The Cal-Poly crash gets lost amidst the scope of the Marshall tragedy which occurred in Huntington in November 1970. However, a decade before the Marshall tragedy, another college football team was in plane crash. Sixteen players, the student manager, and a team booster died in the crash.
The New York Times reported the crash as the first known crash in the US involving a sporting team. It was the first major crash involving any sports team in the world since the 1958 crash of a British European Airways flight in Munich that killed 23, including eight members of the Manchester United football (soccer) club. The consequence of the crash was a tremendous debate about air safety in the United States and a fundamental change in takeoff procedures to ensure that such an event would not happen again under the same circumstances.
The plane was owned by Arctic-Pacific out of Oakland, California. The pilot was Captain Bob Flemming with co-pilot captain Don Chescher. The charter flight crashed at the western edge of the airport at 11:25 PM.
Subsequent investigation revealed a variety of unnecessary risk factors. Fog had closed the airport four hours before the accident. The control tower only had authority to deny landings, but could not stop any craft from taking off. The Lucas county sheriff’s office reported that the airport control tower called at 11:10 PM to report an airplane takeoff, and then called again at 11:15 to report a fiery crash. It took emergency responders 20 minutes to get to the airport from Toledo. The fog was so thick that there were no witnesses to the crash. It was only heard.
Assistant coach Shel Hardin observed that the tail on the C-46 “just seemed to drop and the plane fell off to the left.” Head coach Leroy Hughes said “the left motor conked out. Then it [the plane] spun over.” James Fahey, a halfback, “We barely got off when the engines started sputtering . . . then the left engine gave out---thump! I ducked my head and saw flames shooting. The bottom went over the top, it flipped over.”
This crash led to swift governmental action. It turned out that on October 24 the Civil Areonautics Board had ordered the fleet of C-46s be inspected to determine if wing bolts needed to be replaced. That order arose not from the Toledo crash, but was already in place at the time of the crash in response to an earlier crash on October 15 in Utah. On October 31 1960 the FAA suspended the operating license of carrier Arctic-Pacific for “gross disregard for public safety and the regulations of the Federal Aviation Agency,” according to then-agency director E. R. Quesada.
On November 14, 1960, the FAA determined that the Toledo crash was a product of overloading a craft that was “not in an air-worthy condition.”
On November 11, US senator Mike Monroney (D-Okla.) announced that his aviation subcommittee would hold hearings in January 1961 in response to the Toledo tragedy. Specifically, he advocated for more tower control and stiffer penalties for disregarding tower directives. “The control tower operator did not have firm authority to hold the plane on the ground. Under such circumstances [zero visibility] it might be best to give the control tower operator the right to override the pilot . . . . stiffer regulations might prevent many light plane crashes. Pilots would take fewer chances if they faced loss of their licenses for failing to take orders from the tower.”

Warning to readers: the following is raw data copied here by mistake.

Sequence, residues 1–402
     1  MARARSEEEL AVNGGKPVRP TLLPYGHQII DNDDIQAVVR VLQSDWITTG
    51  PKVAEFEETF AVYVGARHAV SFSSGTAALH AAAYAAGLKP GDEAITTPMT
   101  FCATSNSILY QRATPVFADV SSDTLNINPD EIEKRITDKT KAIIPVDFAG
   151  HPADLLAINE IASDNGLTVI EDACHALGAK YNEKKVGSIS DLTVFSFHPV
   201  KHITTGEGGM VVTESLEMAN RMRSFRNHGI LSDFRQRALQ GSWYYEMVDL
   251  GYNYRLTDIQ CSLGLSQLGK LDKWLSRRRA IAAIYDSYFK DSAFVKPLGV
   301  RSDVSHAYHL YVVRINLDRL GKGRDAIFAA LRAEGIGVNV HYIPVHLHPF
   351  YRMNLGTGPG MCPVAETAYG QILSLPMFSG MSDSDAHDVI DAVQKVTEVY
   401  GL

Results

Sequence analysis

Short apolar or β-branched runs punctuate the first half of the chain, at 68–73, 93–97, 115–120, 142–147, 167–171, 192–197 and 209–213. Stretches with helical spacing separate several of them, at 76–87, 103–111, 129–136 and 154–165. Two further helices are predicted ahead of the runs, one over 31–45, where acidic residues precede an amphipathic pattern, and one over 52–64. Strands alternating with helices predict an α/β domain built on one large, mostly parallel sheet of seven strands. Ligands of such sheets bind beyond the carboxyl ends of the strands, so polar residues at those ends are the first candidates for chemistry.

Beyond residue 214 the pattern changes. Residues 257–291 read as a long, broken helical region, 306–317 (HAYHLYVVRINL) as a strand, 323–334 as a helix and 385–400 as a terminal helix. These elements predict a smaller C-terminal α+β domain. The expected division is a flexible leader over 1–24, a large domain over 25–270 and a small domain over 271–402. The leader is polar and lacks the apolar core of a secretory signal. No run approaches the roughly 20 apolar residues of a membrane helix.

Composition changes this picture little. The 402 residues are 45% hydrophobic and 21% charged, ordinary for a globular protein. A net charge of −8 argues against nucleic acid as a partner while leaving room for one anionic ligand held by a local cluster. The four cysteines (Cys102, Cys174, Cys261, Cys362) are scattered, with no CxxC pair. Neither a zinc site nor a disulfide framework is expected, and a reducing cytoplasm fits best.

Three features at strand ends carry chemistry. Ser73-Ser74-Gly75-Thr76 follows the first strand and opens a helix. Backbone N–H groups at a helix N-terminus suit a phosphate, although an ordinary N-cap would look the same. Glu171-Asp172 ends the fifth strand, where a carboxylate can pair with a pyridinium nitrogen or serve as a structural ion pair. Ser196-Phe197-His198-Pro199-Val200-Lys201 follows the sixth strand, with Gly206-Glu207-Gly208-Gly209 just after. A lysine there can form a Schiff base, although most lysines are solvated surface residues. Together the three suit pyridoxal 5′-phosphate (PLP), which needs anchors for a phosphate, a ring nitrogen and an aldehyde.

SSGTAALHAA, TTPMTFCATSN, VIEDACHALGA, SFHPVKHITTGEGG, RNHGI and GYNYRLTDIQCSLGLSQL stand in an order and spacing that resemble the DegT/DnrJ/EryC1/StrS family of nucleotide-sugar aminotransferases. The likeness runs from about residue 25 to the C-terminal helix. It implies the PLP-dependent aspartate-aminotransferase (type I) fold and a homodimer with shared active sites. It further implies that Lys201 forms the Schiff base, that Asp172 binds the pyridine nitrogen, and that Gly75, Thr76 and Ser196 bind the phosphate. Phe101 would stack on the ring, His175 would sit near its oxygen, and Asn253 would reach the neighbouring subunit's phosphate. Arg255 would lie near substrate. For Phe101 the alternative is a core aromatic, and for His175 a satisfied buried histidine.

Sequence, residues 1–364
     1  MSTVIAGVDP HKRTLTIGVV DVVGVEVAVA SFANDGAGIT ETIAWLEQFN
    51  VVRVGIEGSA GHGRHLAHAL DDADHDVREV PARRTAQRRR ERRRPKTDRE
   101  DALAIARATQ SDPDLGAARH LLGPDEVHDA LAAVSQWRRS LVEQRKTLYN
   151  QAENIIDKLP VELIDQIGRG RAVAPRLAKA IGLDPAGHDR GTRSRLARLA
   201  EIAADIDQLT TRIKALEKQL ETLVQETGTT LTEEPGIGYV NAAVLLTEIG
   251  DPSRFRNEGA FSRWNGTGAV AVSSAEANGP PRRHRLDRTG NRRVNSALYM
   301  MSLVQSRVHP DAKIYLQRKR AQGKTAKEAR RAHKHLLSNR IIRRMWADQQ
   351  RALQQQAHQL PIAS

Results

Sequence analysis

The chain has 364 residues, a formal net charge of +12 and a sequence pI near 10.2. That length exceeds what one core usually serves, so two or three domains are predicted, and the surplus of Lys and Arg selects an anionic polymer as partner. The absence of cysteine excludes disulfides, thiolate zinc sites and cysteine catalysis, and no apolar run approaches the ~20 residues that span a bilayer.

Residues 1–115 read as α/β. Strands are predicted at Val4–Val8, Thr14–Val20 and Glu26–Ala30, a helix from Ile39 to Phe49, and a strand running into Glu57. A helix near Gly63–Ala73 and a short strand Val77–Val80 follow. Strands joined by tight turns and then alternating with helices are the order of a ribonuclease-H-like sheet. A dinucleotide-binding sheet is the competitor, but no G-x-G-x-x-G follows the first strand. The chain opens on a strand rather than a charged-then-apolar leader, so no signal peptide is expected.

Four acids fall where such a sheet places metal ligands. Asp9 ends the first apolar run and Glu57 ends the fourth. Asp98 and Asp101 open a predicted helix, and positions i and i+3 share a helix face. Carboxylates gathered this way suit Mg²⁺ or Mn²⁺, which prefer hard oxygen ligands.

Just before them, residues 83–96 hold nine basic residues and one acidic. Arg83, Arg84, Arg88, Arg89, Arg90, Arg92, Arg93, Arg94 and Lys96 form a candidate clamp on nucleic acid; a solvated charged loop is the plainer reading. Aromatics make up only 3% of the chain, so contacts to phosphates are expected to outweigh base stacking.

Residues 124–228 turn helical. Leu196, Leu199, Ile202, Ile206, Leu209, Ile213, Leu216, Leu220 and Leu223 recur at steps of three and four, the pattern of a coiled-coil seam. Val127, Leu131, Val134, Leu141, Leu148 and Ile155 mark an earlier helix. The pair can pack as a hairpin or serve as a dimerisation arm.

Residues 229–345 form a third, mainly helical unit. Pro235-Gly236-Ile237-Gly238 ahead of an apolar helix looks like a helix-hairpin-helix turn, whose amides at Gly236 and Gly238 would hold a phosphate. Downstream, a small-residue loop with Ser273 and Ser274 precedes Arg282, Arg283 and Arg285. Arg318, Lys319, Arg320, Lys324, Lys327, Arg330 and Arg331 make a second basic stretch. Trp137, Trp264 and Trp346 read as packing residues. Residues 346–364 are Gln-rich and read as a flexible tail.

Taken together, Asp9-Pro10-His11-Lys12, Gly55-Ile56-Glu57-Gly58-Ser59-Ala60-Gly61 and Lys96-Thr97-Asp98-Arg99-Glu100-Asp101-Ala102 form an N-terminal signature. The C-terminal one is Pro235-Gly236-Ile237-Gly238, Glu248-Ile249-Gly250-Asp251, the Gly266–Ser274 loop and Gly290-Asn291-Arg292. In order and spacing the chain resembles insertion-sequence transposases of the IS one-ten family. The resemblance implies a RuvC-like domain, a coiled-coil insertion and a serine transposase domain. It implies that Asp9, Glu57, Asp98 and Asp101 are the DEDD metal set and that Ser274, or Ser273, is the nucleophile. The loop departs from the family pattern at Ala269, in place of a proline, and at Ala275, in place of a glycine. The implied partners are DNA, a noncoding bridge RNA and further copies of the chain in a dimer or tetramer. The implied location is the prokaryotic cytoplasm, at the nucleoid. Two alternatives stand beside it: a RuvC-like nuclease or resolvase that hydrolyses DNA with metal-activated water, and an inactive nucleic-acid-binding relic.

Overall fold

On Thanksgiving Day, November 23, , LA County Supervisor Warren Dorn and Bob Hope provided a Mercy Bowl in the Los Angeles Memorial Coliseum between Fresno State and Bowling Green State to raise a memorial fund for the survivors and bereaved families. The event raised about $200,000. As of 2006, memorial plaques for the crash can be found on campus at Mott Gym and the Mustang horse statue. A permanent memorial plaza opened with the new Alex G. Spanos Stadium. The memorial has 18 copper pillars, one for each of the team members who died in the crash. Each copper pillar rises to the height of the player honored, and is adorned with a plaque about that player's life.
At the time of the crash, Bowling Green State had been the easternmost opposing school ever to play football against Cal Poly.It would be nine years before Cal Poly would play outside California and eighteen years before the school would send a team over the Rockies to play.
A survivor of the crash, Ted Tollner, went on to be head coach at San Diego State and USC. Former NFL coach and sportscaster John Madden, an alumnus of Cal Poly (’58) knew many of the victims of the crash. He prefers to travel by bus since the crash.
About the C-46: The C-46 Commando was a passenger plane developed by the Curtiss corporation. Designed for airline use in 1940, it initially served as a military transport. After World War II, most of the 3,000-plus C-46s ended up in cargo service as passenger carriers preferred the DC-3 and the C-47. Some are still in cargo service in remote parts of the globe. Since 1964 the NTSB has investigated 84 crashes involving C-46s, including a dozen fatal crashes.